Our next guest on Servin’ It Up is Amanda Gibson the author and founder of Lemon Baby, a local blog featuring Gulf Coast food and recipes. Go follow Amanda at Lemon Baby she is also a good Instagram follow! Enjoy!
1. What was your favorite thing to eat growing up?
Although I was raised in the North, my parents are Southern, and we would often visit our relatives in Virginia and Mobile. One of my favorite things to eat growing up was a dish my Granny made for us—poached eggs with buttered toast, all cut up together into a buttery, eggy, delicious mess. She also made a killer chicken salad sandwich on a buttered and toasted croissant, which remains a major comfort food for me to this day. Her chocolate pie, named “Bereavement Pie” for its frequent place as a funereal offering, was superlative, as well.
2. What was been your go-to restaurant in Mobile lately?
I honestly can’t pick just one, but the most recent experience I had was last Friday at The Cheese Cottage—a lovely spot to go for some bubbles, artisanal cheese, and ‘cuterie. I adore the atmosphere and the revitalization of that area of St. Louis Street.
3. You’ve lived in different parts of the U.S. What region of the country have you found the cuisine to be the most fascinating?
The first four years of my life I spent in Brooklyn, NY, so my formative food memories are linked to our Italian-American neighborhood, Carroll Gardens. There was NY-style pizza, of course, and this super-thin sausage from a butcher on Court Street that we grilled whole in a giant coil (that I don’t think I appreciated until I was a teen). Italian ice, a more concentrated version of super finely shaved ice, was always a go-to treat, but pistachio, lemon, or chocolate, only. After a brief stint in Charlottesville, Virginia, we moved to Brookline, a suburb of metropolitan Boston, where I spent most of my childhood. It was there I began my love affair with the lobster roll, one that I can satisfy in Mobile with Royal red shrimp—a pretty impressive knockoff. After our graduation from Florida State, my husband and I spent four years in Montana, in Libby, a tiny hamlet nestled in the Rocky Mountains. It was there that I really started to cook seriously, scouring the internet for challenging recipes and beginning a career as a food writer as a columnist for the local newspaper. Our town was a Scandinavian settlement, so I found that influence to be particularly fascinating (they even had a Nordicfest every summer complete with lutefisk, a lye-soaked whitefish). But nothing enthralls me more than the cuisine of the South—one that has seemingly endless influences and variations. From barbeque and succotash to crawfish Étoufféeand West Indies salad, not a single other region I’ve resided in has as much fascinating food history and culture as the American South.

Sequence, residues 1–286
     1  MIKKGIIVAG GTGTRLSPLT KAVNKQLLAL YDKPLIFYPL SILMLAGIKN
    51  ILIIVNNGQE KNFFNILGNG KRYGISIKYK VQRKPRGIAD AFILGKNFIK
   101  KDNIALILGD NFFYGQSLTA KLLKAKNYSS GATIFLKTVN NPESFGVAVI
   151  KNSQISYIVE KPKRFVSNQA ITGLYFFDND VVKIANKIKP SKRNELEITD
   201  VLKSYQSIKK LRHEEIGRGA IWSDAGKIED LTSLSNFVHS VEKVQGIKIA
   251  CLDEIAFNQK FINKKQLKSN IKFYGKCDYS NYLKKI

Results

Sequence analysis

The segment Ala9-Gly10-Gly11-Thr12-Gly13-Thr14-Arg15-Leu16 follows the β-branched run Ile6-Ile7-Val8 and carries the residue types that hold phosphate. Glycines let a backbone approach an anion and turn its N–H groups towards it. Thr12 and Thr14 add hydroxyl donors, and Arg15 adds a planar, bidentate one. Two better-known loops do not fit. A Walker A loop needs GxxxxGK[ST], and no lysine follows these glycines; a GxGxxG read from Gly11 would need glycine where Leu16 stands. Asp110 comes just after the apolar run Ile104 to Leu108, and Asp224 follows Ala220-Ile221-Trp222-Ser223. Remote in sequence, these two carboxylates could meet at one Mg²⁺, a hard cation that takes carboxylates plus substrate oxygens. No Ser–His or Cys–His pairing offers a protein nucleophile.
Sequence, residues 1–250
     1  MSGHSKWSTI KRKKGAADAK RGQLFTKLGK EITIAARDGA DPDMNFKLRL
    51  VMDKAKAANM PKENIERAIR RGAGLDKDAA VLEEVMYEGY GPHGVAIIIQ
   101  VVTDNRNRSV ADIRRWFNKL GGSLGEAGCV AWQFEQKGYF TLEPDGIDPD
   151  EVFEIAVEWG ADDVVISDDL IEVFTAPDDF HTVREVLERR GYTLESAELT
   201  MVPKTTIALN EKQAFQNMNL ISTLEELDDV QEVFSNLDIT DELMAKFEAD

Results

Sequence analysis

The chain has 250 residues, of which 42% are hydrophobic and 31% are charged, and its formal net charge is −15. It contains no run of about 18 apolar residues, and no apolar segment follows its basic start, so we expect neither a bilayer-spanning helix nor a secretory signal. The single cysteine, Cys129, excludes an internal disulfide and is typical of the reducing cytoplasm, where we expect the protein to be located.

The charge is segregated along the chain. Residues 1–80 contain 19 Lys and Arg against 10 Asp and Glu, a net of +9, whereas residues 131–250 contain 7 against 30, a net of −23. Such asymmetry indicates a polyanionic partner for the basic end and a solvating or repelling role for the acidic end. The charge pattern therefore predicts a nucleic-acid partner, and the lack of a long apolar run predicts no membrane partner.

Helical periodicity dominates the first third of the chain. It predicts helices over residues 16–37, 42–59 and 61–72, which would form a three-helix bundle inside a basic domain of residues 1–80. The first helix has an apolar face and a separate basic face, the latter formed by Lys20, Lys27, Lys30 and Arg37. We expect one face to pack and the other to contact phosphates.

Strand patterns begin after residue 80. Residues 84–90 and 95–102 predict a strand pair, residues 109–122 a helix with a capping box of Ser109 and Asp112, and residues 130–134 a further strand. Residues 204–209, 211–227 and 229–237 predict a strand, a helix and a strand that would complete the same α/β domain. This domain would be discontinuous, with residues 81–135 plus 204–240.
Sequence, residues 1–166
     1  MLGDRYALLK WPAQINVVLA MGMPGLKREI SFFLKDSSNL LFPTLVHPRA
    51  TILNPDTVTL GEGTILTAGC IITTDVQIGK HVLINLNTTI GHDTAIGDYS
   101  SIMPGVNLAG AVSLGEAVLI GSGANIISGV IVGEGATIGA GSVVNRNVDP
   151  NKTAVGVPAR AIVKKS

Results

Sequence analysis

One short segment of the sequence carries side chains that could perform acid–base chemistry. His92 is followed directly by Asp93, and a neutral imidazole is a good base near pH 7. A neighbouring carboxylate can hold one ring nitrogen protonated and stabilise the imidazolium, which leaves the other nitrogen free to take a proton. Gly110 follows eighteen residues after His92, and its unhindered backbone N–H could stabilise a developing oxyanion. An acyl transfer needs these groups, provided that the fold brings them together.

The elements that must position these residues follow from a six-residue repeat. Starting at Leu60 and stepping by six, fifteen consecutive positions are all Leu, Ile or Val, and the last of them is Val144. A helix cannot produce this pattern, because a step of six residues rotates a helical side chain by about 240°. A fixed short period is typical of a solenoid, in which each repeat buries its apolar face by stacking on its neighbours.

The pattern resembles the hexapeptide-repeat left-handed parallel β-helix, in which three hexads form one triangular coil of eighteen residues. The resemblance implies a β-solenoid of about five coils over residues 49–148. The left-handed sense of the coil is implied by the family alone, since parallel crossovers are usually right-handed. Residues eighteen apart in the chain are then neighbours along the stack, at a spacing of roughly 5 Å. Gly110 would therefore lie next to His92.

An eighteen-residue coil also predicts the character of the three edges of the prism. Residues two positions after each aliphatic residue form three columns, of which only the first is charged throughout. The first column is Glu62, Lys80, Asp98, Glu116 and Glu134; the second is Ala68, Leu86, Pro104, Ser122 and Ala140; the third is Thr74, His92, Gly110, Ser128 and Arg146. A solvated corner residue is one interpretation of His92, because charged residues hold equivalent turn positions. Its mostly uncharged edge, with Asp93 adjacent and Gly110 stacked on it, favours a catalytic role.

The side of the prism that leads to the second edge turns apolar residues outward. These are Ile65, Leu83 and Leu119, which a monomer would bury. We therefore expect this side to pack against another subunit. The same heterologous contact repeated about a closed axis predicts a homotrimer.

4. What is your favorite summertime treat?
I’d have to pick my basil-watermelon granita. It’s akin to shaved ice, and the flavor combination of the fruit and herb is out of this world. It’s refreshing to the max.
5. If you could pick your “last meal” what would it be?
I’m glad you didn’t specify any geographical limitations, because my favorite food in the world is real, honest-to-goodness pizza, in Italy: bubbly, blistered, fresh-mozzarella-laden, thin-crust pizza, preferably aquattro stagioni, (literally meaning “four seasons” wth prosciutto, artichokes, mushrooms, and black olives each representing a season). And lest we forget dessert—a flourless chocolate cake (if it’s my last meal, I’ll take the whole cake). And Champagne. Always Champagne.